I wonder if they still make those style tiles, I kinda doubt it since I've seen them replace broken ones with white pegboard but it could be because they're too lazy to order the right type tile. Pegboard actually works somewhat well since the 50s tiles were screwed into furring strips on the ceiling instead of laying into a T bar like in modern drop ceilings. Interestingly only a quarter of the building used ceiling tiles, the rest of the building originally had a metal lath and plaster ceiling although much of that has either been removed or covered up with a drop ceiling. Kinda rare to see that or even drywall in newer institutional buildings.

Anyway, another common type of 50s ceiling tile, the 1x1 ones are still made. I also saw a few NOS boxes of them at one of the local Restores.

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streetlight98  [24 Nov 2016 at 15:19]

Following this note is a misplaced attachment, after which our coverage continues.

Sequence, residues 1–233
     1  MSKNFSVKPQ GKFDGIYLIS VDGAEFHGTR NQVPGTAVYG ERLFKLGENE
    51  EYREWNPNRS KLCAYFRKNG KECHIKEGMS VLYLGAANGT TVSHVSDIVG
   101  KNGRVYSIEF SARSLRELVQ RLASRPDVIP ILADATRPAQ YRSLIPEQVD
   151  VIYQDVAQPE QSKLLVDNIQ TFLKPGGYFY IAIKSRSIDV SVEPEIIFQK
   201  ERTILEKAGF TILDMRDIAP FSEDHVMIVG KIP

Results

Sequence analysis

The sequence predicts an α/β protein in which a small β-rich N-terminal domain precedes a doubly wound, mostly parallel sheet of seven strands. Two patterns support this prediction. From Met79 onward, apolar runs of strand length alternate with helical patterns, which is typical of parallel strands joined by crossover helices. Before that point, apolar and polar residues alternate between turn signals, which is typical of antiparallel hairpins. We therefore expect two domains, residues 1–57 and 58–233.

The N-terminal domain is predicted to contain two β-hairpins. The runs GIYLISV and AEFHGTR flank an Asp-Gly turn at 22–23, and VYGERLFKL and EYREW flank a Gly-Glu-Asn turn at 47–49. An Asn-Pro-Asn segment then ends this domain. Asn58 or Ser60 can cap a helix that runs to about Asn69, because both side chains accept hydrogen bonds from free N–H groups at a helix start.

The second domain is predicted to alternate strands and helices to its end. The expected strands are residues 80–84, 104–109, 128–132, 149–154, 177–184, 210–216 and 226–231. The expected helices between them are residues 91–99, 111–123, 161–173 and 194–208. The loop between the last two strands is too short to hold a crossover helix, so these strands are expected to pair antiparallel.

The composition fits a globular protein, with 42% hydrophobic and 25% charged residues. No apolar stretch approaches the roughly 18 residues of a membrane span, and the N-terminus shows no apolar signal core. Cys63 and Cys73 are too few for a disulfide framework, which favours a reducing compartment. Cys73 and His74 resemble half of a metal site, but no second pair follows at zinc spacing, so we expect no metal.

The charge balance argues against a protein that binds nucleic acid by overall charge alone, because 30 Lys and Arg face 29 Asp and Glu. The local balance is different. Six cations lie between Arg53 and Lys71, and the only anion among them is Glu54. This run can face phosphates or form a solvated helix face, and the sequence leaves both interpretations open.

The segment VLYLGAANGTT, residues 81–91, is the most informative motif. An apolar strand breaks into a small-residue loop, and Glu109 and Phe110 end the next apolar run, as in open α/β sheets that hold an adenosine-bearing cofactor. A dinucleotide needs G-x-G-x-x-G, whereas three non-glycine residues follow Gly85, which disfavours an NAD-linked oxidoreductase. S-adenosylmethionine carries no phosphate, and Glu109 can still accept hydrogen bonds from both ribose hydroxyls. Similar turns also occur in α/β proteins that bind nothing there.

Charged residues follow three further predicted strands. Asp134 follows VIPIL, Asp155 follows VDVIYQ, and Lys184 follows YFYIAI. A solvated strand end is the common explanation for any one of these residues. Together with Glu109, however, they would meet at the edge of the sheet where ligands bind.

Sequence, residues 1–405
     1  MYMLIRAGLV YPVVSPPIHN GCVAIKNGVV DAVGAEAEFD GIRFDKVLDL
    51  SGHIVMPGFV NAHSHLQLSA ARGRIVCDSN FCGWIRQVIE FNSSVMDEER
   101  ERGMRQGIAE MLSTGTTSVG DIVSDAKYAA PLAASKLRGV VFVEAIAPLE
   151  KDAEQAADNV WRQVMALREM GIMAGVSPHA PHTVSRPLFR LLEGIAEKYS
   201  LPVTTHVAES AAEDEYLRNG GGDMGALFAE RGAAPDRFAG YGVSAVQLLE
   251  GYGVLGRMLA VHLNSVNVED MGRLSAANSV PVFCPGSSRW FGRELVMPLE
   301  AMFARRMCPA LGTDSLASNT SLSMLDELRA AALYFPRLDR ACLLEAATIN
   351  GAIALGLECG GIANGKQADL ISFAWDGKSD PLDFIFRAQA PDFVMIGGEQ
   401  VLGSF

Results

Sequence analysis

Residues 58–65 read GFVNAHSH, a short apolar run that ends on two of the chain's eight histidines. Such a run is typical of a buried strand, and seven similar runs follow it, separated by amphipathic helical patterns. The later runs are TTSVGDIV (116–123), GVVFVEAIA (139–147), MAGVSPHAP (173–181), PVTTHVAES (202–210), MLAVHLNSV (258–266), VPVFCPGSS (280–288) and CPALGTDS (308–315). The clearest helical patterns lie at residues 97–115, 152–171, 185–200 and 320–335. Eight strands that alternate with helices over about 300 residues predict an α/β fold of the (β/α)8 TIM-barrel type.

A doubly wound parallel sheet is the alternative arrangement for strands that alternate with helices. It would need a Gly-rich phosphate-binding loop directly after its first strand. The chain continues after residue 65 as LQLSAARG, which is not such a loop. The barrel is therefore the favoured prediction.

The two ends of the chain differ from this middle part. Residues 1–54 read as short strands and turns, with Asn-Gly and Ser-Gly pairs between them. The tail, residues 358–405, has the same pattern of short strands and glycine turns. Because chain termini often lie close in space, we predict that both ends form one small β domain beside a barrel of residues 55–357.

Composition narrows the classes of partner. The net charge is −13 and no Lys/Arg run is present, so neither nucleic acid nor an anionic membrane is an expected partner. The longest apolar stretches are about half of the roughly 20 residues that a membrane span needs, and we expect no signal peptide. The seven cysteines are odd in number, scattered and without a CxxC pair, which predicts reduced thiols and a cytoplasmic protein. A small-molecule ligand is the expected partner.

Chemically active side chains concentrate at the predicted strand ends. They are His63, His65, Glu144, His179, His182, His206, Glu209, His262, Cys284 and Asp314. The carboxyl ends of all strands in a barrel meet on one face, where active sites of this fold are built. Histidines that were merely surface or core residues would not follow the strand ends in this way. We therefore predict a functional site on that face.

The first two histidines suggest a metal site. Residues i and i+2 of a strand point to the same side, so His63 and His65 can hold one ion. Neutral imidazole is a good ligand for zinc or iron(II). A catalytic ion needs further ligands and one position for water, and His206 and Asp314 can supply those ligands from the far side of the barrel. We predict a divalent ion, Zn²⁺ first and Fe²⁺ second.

Oh you know what, it was the 1X1 tiles that I've seen. Never seen the bigger ones above. I just assumed they were 1X1 in your picture. At my middle school they actually spot replace those 1X1 tiles with drop ceiling tiles screwed into the ceiling. The original tiles have no visible screws but the replacement tiles had visible screws and fender washers (probably to prevent the screw from being sent too far into the tile and ruining its integrity). Looked kinda ugly but at least the tiles were a similar pattern so it didn't look AWFUL. It did look odd to find a 2X4 drop ceiling tile screwed into the ceiling among 1X1 tiles loll. When I first started there I thought maybe it was an access point to above the ceiling but all the rooms with the tack-in tiles are on the first floor so that's not possible. But throughout my time there I noticed more 2X4 tiles pop up so I figured out they were spot replacing cracked ones since they were asbestos.